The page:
Forlorn is right. The piece generated 91 comments online: by my count, 6 upbraided him as a monster for even suggesting a book might be burnt (“Before you go thinking about burning books read Fahrenheit 451 by Ray Bradbury. Good book, and really makes you think.”) In fact, only 10 have taken him up on his offer to rehabilitate authors, and then usually only to defend Anthony Powell from his singapore whipping earlier on.
In the end, and excluding a few that might be thought to drift from the topic, the remainder of comments are all red-blooded calls for the bonfire, delivered with varying degrees of wit and coherence. We learn that Ian McEwan appeals to “introverted people”, that Catch 22 has “no real plot and not enough laughs”, that Arundhati Roy should just say that it is raining and then get on with it, and that Stephen King should have given up after his “accident”.
My favourite are two successive remarks by a chap in Hyderabad: the first announces “I am not for burning books. How stupid an author is or a book is pales before the enormity of the stupidity of readers who make it a hit.” This is immediately followed by his nominations: Paulo Coelho’s The Alchemist and Dan Brown’s Da Vinci Code.
Friday, December 5, 2008
Although a few decades had passed, it was still early enough, apparently, to try and move copies of the well-known 'Great Books of the Western World'. One doesn't like to suggest that the publisher's are being deliberately misleading, but it must be said that the long list of authors doesn't appear to include all that many that were blacklisted by the Nazis. Marx and Freud, certainly, and I know that Spinoza was singled out as well. But at a guess, probably not Nietzsche.
Monday, November 10, 2008
Tuesday, November 4, 2008
Although I’ve not seen exact figures, it’s clear that this resulted in serious losses to the Library, and it’s interesting, in this light, that it is the burning of the Library which continues to have the greatest resonance. As Larry’s page shows (http://www.libraryhistorybuff.com/bibliophilately-algiers-library.htm), the burning of the Library has been commemorated across the Middle East, although it is probably fair to say that the attack is not as well known in the West.
Sunday, October 19, 2008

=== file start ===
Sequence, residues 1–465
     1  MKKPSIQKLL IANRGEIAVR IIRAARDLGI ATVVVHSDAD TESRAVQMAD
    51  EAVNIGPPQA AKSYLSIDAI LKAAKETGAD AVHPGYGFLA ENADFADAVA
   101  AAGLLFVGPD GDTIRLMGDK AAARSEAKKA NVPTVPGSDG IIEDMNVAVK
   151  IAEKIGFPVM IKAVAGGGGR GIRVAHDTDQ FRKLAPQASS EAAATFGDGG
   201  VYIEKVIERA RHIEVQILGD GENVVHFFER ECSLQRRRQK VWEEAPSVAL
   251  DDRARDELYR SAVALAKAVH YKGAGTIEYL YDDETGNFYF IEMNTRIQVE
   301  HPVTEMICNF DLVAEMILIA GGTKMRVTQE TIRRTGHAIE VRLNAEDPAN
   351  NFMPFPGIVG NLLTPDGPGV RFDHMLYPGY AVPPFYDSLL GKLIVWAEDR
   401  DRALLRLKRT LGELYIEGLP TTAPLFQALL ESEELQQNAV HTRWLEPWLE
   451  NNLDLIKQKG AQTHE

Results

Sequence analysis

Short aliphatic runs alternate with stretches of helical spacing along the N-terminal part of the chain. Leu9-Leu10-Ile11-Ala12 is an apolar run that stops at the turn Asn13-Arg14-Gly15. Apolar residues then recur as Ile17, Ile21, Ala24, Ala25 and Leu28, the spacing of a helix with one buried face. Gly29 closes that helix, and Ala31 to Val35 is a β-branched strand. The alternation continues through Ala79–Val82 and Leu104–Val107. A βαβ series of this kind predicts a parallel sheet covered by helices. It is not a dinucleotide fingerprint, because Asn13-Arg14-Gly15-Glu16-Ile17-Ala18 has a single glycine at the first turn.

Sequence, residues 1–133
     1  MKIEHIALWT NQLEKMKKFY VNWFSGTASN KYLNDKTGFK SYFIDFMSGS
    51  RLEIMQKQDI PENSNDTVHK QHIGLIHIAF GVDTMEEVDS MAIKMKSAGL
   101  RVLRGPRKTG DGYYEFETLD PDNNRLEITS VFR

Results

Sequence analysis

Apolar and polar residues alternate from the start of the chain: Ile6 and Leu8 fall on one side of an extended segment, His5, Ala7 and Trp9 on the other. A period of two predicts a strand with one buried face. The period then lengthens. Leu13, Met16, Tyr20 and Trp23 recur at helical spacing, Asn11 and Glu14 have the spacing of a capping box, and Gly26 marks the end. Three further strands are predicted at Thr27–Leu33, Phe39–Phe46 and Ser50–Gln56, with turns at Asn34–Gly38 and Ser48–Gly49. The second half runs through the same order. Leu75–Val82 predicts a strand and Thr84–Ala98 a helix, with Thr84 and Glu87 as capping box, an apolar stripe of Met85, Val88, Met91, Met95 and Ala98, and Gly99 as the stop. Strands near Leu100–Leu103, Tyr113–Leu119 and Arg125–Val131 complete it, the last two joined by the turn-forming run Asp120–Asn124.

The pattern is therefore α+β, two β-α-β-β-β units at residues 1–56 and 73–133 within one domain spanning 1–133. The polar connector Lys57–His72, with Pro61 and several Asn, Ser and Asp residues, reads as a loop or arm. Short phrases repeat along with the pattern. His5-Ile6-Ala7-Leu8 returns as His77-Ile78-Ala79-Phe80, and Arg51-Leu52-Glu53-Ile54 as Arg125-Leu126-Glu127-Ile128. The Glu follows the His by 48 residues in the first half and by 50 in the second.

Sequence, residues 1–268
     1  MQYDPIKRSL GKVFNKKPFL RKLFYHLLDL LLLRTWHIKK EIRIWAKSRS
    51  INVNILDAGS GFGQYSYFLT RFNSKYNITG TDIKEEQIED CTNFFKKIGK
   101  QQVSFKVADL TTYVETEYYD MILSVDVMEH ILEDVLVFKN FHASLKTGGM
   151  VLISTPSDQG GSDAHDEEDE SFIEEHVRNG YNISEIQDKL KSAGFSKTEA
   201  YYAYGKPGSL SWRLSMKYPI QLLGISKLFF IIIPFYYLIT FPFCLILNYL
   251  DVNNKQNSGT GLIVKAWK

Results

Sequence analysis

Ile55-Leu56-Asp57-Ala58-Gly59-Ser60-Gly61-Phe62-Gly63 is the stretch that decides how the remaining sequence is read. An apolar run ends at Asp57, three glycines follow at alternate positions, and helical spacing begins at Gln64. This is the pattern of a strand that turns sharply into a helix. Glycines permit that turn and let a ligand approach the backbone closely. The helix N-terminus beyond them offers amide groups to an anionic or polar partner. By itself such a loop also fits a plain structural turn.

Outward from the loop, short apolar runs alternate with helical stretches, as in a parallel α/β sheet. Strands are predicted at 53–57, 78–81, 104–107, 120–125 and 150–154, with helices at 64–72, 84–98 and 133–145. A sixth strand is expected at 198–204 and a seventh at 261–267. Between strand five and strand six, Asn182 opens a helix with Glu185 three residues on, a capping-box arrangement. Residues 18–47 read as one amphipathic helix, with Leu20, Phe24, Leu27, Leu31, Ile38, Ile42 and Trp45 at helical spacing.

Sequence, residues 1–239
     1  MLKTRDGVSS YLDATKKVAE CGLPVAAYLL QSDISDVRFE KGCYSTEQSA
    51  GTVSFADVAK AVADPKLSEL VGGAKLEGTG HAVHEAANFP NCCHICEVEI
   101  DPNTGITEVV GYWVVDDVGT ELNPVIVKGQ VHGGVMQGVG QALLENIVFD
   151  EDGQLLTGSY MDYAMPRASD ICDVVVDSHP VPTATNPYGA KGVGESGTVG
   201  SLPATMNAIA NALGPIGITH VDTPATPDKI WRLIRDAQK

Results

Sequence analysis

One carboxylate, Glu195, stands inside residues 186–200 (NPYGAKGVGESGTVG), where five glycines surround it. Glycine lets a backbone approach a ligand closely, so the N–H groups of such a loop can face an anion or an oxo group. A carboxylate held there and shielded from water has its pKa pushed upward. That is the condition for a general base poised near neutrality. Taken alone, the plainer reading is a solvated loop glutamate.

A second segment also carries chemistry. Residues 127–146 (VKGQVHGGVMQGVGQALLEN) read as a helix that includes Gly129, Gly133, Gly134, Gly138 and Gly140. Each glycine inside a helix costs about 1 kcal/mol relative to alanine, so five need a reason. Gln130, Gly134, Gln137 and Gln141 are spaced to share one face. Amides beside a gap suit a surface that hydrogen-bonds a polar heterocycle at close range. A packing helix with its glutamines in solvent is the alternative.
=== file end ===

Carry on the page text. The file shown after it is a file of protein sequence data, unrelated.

Fair enough, but I’ve never been quite sure about the title of the poem, which seems to be suggesting that Watts (or at least his editor) would have preferred to burn more than just the works of Rochester.
I judge the Muse of lewd Desire;
Her Sons to Darkness, and her works to Fire.
In vain the Flatterers of their Wit
Now with a melting Strain, now with an heavenly Flight
Would tempt my Virtue to approve
Those gaudy Tinders of a lawless Love.
So Harlots dress: They can appear
Sweet, modest, cool, divinely Fair,
To charm a Cato’s Eye; but all within
Stench, impudence and Fire, and ugly raging Sin.
Die Flora, die in endless Shame,
Thou prostitute of blackest Fame,
Stript of thy false Array.
Ovid and all ye wilder Pens
Of modern Lust, who gild our Scenes,
Poyson the British Stage, and paint Damnation gay,
Attend your Mistress to the Dead;
When Flora dies her Imps should wait upon her Shade.
Strephon of noble Blood and Mind
(For ever shine his Name!)
As Death approach’d his Soul refin’d,
And gave his looser Sonnets to the Flame.
“Burn, burn, he cry’d with sacred Rage,
“Hell is the due of every Page,
“Hell be the Fate. (But O indulgent Heaven!
“So vile the Muse, and yet the Man forgiv’n!)
“Burn on, my Songs, for not the silver Thames
“Nor Tyber with his yellow Streams
“In endless Currents rolling to the Main
“Can e’er dilute the Poyson, or wash out the Stain.
So Moses by divine Command
Forbid the leprous House to stand,
When deep the fatal Spot was grown,
Break down the Timber and dig up the Stone.
Tuesday, October 14, 2008
Friday, October 3, 2008
What’s interesting here, however, is that Porter always intended to sail into the Pacific, and was anxious that some of his crew might have guessed his intentions and leaked their suspicions in letters or journals. Hence this note, which appeared in the 1815 edition of his voyages:
“Prior to the pilots leaving us, I caused him to deliver into my possession all letters which might have been given him by the crew, apprehensive that, from some accidental cause, they might become possessed of a knowledge of our destination; they all however contained only conjectures, except one, the writer of which asserted, as he stated from good authority, that we were bound on the coast of Africa: as come of their conjectures were not far from being correct, I thought I best to destroy the whole of them, and forbid the pilot’s taking any more without my consent. To the officers who were desirous of writing to their friends, I enjoined particularly not to mention the movements of the ship in any way.”
It’s not insignificant, in this regard, to point out that it is thought his book was suppressed when it was first published.
Tuesday, September 30, 2008
Books tended to become shorter and smaller, and there was less empty space up for grabs -- no luxurious blank pages, for instance, and only very minor breaks between chapters. There were also a series of impromptu design logos, that publisher's placed at the head of their books: the one pictured here comes from a copy of Gertrude Stein's account of life in Vichy France, Wars I Have Seen, published by Random House in 1945. Attractively, the Random House logo is here set against the background of the famous "V for Victory" symbol.
Friday, September 19, 2008
This led to the creation of the 'Monuments, Fine Arts and Archives' office (MFAA), a small group of officers with backgrounds in fine arts. These officers were loosely attached to the ground forces, and would zoot about the continent armed with cameras and Baedekers, cataloguing the damage, doing makeshift repairs and, ultimately, collecting portable material into depots for possible restitution. Although few people had anticipated the size of the problem, one of the major concerns turned out to be looted books, many millions of which ended up in the American Zone of occupation.